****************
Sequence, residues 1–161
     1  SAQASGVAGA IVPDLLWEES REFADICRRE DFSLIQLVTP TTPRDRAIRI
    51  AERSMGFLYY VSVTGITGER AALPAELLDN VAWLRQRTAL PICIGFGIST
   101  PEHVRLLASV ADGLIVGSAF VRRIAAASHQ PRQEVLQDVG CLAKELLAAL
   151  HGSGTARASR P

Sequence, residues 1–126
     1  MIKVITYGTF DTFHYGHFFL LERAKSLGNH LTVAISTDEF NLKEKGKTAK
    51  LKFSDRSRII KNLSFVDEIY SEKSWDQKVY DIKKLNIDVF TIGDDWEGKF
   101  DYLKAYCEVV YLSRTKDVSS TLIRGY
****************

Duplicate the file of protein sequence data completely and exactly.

Sequence, residues 1–161
     1  SAQASGVAGA IVPDLLWEES REFADICRRE DFSLIQLVTP TTPRDRAIRI
    51  AERSMGFLYY VSVTGITGER AALPAELLDN VAWLRQRTAL PICIGFGIST
   101  PEHVRLLASV ADGLIVGSAF VRRIAAASHQ PRQEVLQDVG CLAKELLAAL
   151  HGSGTARASR P

Sequence, residues 1–126
     1  MIKVITYGTF DTFHYGHFFL LERAKSLGNH LTVAISTDEF NLKEKGKTAK
    51  LKFSDRSRII KNLSFVDEIY SEKSWDQKVY DIKKLNIDVF TIGDDWEGKF
   101  DYLKAYCEVV YLSRTKDVSS TLIRGY